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Blizzards

Blizzards are storms that form when cold, dry air contacts warm, moist air, or a lake allowing lots of precipitation to fall as snow.

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Blizzards

What would cause a snow day in Greece?

Sometimes a snowstorm strikes a location that's usually snow-free. When that happens, for some reason air masses are not behaving normally. Usually an atypical snow is fun for the people who live there, especially since everything usually gets shut down — including schools!

Blizzards

A blizzard is distinguished by certain conditions:

  • Temperatures below –7°C (20°F); –12°C (10°F) for a severe blizzard.
  • Winds greater than 56 kmh (35 mph); 72 kmh (45 mph) for a severe blizzard.
  • Snow so heavy that visibility is 2/5 km (1/4 mile) or less for at least three hours; near zero visibility for a severe blizzard.

Blizzard in Washington D.C.

A blizzard obscures the Capitol in Washington, DC.

Formation

Blizzards happen across the middle latitudes and toward the poles, usually as part of a mid-latitude cyclone. Blizzards are most common in winter, when the jet stream has traveled south and a cold, northern air mass comes into contact with a warmer, semitropical air mass (Figure below). The very strong winds develop because of the pressure gradient between the low-pressure storm and the higher pressure west of the storm. Snow produced by the storm gets caught in the winds and blows nearly horizontally. Blizzards can also produce sleet or freezing rain.

Satellite image of snow and blizzard over the East Coast in 2010

Blizzard snows blanket the East Coast of the United States in February 2010.

Lake-Effect Snow

In winter, a continental polar air mass travels down from Canada. As the frigid air travels across one of the Great Lakes, it warms and absorbs moisture. When the air mass reaches the leeward side of the lake, it is very unstable and it drops tremendous amounts of snow. This lake-effect snow falls on the snowiest metropolitan areas in the United States: Buffalo and Rochester, New York (Figure below).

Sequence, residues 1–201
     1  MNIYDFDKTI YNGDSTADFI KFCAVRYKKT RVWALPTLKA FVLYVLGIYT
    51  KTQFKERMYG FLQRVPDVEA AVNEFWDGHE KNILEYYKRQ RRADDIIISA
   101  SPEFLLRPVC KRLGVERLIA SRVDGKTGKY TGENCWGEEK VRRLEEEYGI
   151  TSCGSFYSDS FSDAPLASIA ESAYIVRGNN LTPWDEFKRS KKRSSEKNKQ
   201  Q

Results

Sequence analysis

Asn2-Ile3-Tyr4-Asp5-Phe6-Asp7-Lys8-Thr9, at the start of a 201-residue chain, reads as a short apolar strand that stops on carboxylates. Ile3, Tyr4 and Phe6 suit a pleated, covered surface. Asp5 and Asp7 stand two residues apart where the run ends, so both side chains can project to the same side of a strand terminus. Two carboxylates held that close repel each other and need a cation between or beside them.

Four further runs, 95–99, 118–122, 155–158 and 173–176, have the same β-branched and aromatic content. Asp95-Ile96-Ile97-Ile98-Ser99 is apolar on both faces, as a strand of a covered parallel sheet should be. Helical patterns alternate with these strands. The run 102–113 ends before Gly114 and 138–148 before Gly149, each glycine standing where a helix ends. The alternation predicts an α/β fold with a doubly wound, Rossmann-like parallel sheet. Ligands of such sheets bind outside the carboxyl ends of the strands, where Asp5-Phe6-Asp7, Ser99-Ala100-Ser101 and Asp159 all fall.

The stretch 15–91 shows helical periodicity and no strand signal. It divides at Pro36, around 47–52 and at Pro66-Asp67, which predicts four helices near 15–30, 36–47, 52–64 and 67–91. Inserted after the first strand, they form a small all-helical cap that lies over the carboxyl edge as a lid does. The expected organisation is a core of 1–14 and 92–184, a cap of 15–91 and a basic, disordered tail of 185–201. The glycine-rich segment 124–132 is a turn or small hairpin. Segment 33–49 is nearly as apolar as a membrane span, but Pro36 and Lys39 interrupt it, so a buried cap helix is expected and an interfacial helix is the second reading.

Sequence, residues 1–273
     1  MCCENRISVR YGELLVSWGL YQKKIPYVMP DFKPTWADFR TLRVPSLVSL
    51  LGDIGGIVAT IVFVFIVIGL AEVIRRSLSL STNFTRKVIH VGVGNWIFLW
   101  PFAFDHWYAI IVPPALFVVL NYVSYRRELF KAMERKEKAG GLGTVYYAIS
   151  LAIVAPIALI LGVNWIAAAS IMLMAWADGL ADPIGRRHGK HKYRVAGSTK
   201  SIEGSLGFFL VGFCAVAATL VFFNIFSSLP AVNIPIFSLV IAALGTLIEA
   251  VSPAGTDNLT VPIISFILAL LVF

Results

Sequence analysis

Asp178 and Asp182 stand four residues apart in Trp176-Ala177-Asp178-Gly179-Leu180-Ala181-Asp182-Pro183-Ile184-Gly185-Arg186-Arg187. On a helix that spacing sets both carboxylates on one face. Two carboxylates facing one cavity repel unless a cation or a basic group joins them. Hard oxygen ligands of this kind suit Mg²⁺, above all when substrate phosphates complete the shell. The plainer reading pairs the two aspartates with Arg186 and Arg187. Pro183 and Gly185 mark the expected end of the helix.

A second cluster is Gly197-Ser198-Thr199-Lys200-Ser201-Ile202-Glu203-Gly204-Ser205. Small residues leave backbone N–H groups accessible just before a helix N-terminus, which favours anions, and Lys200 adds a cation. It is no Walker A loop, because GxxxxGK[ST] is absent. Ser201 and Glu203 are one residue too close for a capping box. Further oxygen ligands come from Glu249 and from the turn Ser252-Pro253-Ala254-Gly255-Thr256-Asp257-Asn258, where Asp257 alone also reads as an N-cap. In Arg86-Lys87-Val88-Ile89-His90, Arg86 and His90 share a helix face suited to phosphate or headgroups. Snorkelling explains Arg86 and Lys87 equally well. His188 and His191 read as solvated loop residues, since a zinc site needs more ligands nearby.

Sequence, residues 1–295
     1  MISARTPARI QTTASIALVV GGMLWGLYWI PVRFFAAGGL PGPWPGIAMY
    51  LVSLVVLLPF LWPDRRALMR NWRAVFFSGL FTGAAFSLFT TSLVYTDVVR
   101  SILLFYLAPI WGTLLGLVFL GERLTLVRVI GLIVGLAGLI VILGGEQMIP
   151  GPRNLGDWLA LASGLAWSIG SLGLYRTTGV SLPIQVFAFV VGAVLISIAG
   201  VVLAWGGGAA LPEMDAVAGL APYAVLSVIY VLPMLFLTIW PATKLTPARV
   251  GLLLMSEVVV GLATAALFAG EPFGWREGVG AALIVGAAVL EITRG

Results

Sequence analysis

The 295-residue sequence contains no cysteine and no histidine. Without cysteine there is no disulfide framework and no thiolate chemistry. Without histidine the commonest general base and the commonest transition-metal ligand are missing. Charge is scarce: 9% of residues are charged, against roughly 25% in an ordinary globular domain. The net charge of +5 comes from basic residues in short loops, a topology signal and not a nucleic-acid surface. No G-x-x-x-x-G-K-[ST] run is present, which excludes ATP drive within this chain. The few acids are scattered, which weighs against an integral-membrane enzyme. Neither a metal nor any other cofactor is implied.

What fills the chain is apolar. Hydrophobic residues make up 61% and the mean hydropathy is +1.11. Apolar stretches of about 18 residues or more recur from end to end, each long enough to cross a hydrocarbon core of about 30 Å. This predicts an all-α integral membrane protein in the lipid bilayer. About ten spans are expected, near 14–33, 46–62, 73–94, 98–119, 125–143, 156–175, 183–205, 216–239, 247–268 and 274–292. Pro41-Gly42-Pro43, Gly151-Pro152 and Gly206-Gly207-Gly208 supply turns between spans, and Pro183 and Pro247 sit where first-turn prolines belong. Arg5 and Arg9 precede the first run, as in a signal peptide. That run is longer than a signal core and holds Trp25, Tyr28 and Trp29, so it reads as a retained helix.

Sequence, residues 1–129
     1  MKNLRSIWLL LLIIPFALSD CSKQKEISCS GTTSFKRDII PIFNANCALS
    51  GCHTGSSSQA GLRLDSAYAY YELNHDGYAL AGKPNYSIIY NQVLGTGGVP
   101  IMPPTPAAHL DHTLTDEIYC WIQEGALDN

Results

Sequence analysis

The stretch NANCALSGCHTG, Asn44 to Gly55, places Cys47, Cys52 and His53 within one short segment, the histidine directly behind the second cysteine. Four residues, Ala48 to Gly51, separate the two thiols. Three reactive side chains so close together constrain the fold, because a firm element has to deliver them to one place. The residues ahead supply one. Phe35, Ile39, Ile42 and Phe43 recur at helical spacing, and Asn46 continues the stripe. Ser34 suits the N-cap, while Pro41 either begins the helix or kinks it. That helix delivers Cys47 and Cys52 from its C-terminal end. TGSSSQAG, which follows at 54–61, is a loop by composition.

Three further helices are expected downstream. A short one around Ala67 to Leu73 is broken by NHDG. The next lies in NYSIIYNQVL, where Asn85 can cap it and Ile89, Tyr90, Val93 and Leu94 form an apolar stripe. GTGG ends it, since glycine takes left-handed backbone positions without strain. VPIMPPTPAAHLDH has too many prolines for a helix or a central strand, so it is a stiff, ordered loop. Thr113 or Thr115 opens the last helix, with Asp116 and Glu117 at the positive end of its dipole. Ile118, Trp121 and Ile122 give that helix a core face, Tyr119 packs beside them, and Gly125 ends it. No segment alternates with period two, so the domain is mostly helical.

Satellite image of lake-effect snow

Frigid air travels across the Great Lakes and dumps lake-effect snow on the leeward side.

 

 

Summary

  • Blizzards are often part of a mid-latitude cyclone where the jet stream brings cold air into contact with warm moist air.
  • The difference in pressure between the air masses brings about strong winds.
  • Cold polar air absorbs moisture as it travels over the Great Lakes and then dumps it as snow downwind to create lake-effect snow.

Review

  1. Under what circumstances does a blizzard form?
  2. What causes lake-effect snow?
  3. What is a blizzard?

Explore More

Use this resource to answer the questions that follow.

  

 

  1. How are blizzards the same as snowstorms?
  2. What types of air masses meet and what do they do to form a snowstorm?
  3. When does a snowstorm become a blizzard?
  4. When do blizzards usually happen?
  5. Where do blizzards usually occur in the U.S.?
  6. How can you survive a blizzard?

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    Vocabulary

    blizzard

    A large snow storm with high winds.

    lake-effect snow

    Extreme snowfall caused by the evaporation of relatively warm, moist air into a cold front that then drops its snow on the leeward side of the lake.

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